Saturday, September 18, 2010

Getting Started


Maximize your APFT score

By SGM Robert S. Rush

Many soldiers can increase their physical fitness beyond their present level if they’re willing to concentrate on deficiencies instead of just trying to run faster.

The individual PT program revealed here was developed for soldiers with little time to devote to PT.

The program was validated using 40 students in an ROTC program. Students exercised three times per week for 20-25 minutes, not including the run. The following results were achieved: after one month the average score for students increased by 15-20 points from an average of 192 to 212; at the end of three months, students went from their average of 212 to 243; the second three months saw average scores climb to 267 with the low score 242 and the high score 300. Since this is an individual program, it is designed to fit each soldier’s physical ability. The program takes a soldier gradually to a higher level of physical fitness.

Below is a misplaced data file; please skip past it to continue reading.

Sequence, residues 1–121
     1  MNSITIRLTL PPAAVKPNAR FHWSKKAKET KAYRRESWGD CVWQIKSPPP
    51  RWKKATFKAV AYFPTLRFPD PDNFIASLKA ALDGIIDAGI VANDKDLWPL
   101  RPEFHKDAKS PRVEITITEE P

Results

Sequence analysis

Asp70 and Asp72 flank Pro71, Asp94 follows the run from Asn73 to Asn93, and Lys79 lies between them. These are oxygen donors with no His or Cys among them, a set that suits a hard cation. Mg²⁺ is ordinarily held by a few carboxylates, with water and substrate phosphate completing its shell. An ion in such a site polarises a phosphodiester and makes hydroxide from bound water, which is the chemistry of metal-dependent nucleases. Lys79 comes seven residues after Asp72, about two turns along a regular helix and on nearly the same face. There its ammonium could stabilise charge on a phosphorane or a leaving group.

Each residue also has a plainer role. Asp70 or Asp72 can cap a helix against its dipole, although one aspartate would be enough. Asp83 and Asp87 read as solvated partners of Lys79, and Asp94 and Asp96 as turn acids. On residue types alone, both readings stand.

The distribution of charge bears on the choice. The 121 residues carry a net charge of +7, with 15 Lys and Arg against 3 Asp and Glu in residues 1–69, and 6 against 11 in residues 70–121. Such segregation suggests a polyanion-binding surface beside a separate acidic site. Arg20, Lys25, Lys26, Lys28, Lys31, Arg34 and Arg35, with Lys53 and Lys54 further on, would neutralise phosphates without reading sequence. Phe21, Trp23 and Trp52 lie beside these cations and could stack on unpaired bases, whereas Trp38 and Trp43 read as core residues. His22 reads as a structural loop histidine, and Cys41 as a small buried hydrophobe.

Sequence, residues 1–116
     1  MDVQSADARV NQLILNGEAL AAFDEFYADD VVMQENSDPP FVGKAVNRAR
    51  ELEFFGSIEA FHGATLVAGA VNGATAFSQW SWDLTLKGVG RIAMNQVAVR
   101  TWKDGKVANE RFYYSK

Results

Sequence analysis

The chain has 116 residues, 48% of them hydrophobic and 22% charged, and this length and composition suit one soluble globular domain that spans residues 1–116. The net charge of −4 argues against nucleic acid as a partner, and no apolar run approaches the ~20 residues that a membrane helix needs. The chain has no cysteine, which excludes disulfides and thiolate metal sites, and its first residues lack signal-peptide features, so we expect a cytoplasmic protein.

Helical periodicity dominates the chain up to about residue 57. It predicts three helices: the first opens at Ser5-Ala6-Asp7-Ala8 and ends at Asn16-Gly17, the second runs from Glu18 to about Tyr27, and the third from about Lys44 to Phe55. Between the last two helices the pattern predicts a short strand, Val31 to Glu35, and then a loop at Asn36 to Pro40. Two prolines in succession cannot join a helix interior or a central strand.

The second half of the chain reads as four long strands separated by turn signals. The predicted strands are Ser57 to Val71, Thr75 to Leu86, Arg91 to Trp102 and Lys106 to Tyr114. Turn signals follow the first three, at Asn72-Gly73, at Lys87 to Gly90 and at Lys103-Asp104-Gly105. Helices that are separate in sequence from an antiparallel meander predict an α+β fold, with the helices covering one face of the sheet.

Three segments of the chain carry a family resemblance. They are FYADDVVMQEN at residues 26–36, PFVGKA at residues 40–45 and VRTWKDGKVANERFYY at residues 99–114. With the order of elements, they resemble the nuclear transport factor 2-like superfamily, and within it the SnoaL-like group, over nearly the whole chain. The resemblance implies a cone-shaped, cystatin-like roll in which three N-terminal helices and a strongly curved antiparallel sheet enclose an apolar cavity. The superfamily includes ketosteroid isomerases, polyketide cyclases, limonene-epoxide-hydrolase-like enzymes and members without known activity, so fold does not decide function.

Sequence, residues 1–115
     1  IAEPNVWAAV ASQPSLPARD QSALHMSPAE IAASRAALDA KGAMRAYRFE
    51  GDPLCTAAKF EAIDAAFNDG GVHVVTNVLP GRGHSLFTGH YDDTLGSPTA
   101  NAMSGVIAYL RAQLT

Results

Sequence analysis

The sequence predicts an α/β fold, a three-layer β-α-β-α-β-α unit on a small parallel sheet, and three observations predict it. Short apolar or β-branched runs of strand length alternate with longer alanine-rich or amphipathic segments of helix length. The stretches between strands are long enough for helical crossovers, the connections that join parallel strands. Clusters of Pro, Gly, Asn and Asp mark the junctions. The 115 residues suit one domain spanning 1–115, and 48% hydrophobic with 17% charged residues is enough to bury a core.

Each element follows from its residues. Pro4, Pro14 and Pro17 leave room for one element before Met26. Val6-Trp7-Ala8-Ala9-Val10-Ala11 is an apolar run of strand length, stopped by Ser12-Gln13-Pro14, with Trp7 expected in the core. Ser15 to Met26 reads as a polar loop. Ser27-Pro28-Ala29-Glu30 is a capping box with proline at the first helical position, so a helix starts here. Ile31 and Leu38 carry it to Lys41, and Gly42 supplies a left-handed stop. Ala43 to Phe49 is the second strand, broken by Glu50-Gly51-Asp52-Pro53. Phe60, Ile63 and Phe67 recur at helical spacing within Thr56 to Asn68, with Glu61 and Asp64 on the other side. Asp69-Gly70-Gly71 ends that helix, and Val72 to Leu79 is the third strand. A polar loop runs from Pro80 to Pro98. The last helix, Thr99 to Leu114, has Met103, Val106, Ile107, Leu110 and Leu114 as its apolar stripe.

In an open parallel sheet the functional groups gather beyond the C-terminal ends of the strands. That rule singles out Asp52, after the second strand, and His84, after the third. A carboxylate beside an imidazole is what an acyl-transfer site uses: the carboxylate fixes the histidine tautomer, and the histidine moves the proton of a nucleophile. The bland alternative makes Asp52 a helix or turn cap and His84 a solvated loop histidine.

Take a look at your last APFT. From your scores you can determine where the starting point for your Individual Fitness Program should be. If you haven’t taken an APFT in the last three to four months, you may want to conduct an assessment of your physical abilities before beginning.
To conduct a self-assessment, do as many correct pushups and sit-ups as you can in a one-minute period, and then run as hard as you can for a timed one-half mile. Multiply your pushup and sit-up scores by 1.25 to find an entry point into the charts. Multiply your one-half mile time by four.
The Program

If done correctly, the program will bring you to muscle failure. This exercise regime is designed to be done every other day, as your muscles need from 24 to 48 hours to recover from hard usage.

To get your starting numbers, look at the charts. The numbers along the top of the charts are the number of pushups or sit-ups you performed. Follow the number down the row to give you the number of repetitions for each exercises you’re to begin with in your individual program.

Pushup and Sit-up Improvement

1. Regular pushups:
Do three sets with one-minute rests between sets. Form is important. If you can’t do the pushups properly, go to your knees and continue until you’ve finished the sets. After three workouts, add three pushups to each set. (Example: you start with 14 pushups on Wednesday, The next Wednesday you go to 17 pushups.)